2. Stocks/stock funds – You can investment in any individual stock of fund you wish. generally accepted long-term stock market return is 7%. So, if I buy a stock index fund I can wish for that return. 7% compared to 2.35% is huge. SInce stocks can go down in value, I would rather not put entire IRA money in to stocks.

The advantage of regular stock investing vs. normal stock investing is, with IRA money you can keep a well performing stock forever, till you retire. Where as in regular stock investing, you need to sell your shares when you need the money. More freedom can some times works against you.

3. Money market fund – If you are reading this article, probably you have money in your checking account and you are contemplating on opening an IRA account, you just need a few more information, right?

The money you have in your checking account, is not giving you any return, in fact the value is depreciating according to inflation rate.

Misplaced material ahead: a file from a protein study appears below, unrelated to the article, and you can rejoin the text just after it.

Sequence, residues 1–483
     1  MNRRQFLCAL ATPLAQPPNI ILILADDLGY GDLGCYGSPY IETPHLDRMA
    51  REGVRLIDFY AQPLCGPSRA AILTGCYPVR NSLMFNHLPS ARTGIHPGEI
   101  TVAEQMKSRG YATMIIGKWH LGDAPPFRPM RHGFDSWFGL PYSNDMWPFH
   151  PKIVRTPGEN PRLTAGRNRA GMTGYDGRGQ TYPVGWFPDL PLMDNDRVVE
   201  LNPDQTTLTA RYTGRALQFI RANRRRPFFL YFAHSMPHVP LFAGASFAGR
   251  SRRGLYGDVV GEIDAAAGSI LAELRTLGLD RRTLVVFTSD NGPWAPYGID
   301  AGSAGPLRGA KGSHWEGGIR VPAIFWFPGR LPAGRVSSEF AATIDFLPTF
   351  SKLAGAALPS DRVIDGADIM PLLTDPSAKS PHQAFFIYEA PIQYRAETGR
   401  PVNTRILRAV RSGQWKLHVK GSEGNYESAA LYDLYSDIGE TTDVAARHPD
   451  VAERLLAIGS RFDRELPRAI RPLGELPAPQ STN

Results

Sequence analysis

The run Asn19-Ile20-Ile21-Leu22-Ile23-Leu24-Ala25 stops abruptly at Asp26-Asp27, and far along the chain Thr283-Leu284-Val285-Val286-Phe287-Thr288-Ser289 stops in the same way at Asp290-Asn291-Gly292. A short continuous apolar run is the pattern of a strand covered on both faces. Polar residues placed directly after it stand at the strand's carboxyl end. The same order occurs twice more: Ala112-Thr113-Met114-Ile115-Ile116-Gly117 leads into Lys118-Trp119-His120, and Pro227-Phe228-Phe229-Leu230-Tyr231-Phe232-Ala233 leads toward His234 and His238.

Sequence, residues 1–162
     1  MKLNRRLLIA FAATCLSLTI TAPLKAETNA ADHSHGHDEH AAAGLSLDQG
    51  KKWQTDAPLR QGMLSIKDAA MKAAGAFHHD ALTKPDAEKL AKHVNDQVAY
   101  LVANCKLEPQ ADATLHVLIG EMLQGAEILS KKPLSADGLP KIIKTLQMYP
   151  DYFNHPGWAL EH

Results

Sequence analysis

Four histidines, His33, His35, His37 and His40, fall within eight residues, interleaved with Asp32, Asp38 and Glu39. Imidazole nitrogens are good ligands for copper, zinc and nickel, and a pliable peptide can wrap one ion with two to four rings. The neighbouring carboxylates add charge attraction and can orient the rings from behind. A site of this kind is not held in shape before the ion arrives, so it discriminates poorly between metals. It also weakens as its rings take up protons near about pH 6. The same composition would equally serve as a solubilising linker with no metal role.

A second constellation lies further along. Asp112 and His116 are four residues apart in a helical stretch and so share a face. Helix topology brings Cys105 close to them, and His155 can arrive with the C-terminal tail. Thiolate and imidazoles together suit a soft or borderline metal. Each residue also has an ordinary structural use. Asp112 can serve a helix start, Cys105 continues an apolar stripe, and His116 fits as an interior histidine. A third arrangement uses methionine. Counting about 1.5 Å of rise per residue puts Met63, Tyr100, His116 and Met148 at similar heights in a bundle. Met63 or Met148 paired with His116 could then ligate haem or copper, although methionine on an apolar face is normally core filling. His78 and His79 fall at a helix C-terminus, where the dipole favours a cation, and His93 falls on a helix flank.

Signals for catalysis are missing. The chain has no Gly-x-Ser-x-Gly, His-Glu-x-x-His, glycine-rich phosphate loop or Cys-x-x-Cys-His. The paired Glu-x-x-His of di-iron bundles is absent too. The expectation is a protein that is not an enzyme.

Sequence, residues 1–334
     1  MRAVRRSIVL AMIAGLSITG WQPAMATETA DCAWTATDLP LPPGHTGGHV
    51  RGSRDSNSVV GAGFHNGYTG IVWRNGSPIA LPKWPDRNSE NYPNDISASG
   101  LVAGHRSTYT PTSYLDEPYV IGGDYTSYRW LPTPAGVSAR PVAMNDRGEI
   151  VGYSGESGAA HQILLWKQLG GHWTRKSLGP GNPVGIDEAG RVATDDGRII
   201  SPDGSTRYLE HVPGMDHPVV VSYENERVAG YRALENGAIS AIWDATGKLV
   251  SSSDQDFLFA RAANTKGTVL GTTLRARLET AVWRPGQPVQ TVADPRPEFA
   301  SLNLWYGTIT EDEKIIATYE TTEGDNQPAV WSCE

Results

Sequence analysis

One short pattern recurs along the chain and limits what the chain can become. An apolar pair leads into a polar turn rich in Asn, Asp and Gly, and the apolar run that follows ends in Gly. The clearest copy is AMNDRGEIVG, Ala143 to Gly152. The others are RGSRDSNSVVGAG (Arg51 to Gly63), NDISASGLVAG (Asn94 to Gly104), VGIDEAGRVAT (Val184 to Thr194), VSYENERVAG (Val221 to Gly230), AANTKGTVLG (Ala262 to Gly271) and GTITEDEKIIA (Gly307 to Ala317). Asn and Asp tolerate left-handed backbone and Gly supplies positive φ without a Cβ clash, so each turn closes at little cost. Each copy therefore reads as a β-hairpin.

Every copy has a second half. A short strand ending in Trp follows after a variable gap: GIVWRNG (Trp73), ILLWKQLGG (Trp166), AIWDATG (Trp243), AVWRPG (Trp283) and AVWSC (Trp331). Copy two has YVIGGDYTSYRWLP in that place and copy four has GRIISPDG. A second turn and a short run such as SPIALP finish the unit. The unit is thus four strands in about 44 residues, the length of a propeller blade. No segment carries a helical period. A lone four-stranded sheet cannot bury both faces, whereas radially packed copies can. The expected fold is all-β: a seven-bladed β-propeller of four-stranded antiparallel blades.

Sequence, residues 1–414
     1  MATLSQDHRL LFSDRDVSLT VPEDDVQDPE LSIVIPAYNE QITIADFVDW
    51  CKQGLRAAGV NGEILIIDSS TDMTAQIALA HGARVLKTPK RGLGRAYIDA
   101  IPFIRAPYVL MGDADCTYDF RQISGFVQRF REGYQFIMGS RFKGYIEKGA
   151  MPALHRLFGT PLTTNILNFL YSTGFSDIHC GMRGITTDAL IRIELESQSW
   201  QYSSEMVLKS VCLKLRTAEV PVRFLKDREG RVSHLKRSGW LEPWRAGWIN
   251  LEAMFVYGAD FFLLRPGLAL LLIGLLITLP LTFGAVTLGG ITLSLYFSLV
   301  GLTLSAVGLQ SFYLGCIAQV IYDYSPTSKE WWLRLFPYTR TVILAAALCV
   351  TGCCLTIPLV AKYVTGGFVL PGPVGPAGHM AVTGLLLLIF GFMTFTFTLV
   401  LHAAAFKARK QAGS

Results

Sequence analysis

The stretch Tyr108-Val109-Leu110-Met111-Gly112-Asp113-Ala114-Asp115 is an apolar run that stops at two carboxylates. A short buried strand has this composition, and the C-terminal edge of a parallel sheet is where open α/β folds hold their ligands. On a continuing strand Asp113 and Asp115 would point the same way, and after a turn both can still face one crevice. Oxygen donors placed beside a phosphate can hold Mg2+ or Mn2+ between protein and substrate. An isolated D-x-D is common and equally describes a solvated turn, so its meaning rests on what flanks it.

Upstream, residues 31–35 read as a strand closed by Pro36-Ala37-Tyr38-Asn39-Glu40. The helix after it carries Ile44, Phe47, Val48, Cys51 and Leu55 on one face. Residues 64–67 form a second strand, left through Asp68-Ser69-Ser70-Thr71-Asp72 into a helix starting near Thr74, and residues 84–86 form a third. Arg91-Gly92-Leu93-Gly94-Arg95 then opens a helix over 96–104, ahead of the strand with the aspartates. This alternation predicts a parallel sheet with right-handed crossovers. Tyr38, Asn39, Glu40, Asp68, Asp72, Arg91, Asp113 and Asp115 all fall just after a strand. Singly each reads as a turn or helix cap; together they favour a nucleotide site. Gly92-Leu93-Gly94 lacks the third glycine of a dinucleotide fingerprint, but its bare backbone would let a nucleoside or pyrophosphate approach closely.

Your money in IRA account, even if not invested anywhere, grows.

This is because the brokers invest the money in money market funds. Even if the amount is small, still you earn. You have the flexibility to choose which MM fund should get your money.

4. Bonds – You can buy individual company papers, bonds, bond funds, municipal bons, etc. with your IRA money.

5. Real Estate – IRS laws prohibits IRA money to be used for buying properties for self use.

To buy a home you need to withdraw money from IRA and pay penalty. But, if you are buying real estate for investment purpose, you are allowed to do so.

Purchasing, home, apartments, land, etc. is allowed with IRA money for investment purpose.

6. Other options – There are many other investment alternatives available, but in order to do that You need to be consulting with financial planners.


How Can you open IRA account

Have you opened a checking account? if yes, then you know how to open an IRA account.